Dell Venue smartphone review: the venue where style and professionalism call homeBy TeamVR on July 13, 2011 7:01 pm@vrzone
A Closer Look: Design
If the Streak was Dell's answer to customers who wanted a trendy and modern looking device which sports design elements only a consumer can love, then we would go out on a limb and claim that the Venue was created in response to users who wanted an Android-powered device that has a design which is more befitting that of a mobile professional. This is due in no small part to Dell's decision to utilize a box-like template that exhibits only mild curves, along with the use of chrome-plated sides.
In fact, we would even go as far as to claim that it is the Venue's use of chrome-plated side panels (albeit made out of plastic), along with its unique template, that gives the smartphone a distinct identity which allows it to stand out in the myriad of generic-looking Android-powered mobile phones that are currently available on the market today. This is no mean feat considering just how huge and diverse the ecosystem for such devices is, and the Venue is a testament to how Dell has got the 'unique' and 'sexy' parts of smartphone design down pat.
Also adding to the Dell Venue's business-like image is the design of the large touch-sensitive icons located below the display, which tell a user in no uncertain terms the exact functions they were programmed to perform….
…and the use of a textured rear housing that provides just enough traction for users to ensure that they will be able to have a firm grip on the Venue. We all know that more traction is always a good thing; nobody wants to have to deal with the prospect of having their smartphone meet an unfortunate end in the form of broken hardware caused by an accidental drop.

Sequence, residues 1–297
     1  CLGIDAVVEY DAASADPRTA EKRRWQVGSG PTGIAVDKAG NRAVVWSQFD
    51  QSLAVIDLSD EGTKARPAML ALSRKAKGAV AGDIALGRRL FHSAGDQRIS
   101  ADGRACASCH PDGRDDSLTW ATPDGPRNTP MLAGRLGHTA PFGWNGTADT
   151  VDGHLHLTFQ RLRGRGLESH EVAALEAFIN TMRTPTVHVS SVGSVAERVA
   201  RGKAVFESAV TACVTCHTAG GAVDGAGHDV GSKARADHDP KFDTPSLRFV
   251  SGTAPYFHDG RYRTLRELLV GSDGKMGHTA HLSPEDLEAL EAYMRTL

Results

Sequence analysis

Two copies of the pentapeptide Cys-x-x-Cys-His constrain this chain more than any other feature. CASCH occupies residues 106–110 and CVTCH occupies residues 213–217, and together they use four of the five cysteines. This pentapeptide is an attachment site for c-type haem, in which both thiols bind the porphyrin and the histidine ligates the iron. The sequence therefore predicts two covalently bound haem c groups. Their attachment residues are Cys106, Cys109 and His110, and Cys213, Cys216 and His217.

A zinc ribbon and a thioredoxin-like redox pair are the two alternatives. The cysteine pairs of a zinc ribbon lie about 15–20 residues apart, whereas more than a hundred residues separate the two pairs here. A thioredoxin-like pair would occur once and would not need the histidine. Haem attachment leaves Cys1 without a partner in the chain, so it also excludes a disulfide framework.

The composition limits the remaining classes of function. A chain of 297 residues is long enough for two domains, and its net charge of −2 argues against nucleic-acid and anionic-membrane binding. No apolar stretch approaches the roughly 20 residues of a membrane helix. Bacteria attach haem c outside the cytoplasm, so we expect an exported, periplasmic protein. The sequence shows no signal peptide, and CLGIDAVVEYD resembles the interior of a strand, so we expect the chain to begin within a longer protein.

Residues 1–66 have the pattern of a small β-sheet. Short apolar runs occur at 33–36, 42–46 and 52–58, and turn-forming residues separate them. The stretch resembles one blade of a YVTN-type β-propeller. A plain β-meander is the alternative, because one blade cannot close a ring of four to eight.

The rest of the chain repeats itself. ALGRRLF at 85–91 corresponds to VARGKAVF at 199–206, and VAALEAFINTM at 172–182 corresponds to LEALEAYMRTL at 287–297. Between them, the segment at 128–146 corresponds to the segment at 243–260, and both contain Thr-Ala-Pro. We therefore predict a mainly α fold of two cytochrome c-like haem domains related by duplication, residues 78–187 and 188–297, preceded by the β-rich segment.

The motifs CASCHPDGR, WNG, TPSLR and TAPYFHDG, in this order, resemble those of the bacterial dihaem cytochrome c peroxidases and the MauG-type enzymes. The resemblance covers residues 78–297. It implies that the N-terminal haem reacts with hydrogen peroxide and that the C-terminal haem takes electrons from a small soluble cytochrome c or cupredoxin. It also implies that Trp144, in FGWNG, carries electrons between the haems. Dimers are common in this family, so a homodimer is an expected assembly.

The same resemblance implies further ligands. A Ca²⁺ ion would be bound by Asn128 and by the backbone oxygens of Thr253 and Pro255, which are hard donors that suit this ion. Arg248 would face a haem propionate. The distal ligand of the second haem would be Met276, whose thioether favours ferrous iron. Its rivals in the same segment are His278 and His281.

While we are still on the subject of the Venue's rear housing, we would also point out that this is where the smartphone's built-in 8-megapixel camera resides. According to Dell, the built-in camera is capable of capturing still images at resolutions of up to 3264 x 2448, and recording videos at up to resolutions of 720p.
Removing the Venue's rear housing will allow a user to gain access to the SIM card slot, the microSD card reader and the all-important battery pack. Dell claims that the built-in microSD card reader is capable of accepting cards with storage capacities of up to 32GB.
For those who are wondering about the Dell Venue's battery capacity, our review unit came bundled with a battery pack that boasts a capacity of 1400mAh.
As far as input/output ports are concerned, the Dell Venue comes with little more than the bare essentials; there is a 3.5mm audio output jack situated next to the power button located at the top of the smartphone, along with a mini-USB port which is placed at the bottom of the Venue, right in between the smartphone's speaker grilles.
Lastly, the Dell Venue features the typical set of hardware buttons most users would expect to find on just about any smartphone retailing on the market today. The right is home to three buttons, two of which are used for volume control, while the last one is designed to call up the camera and serve as the shutter button.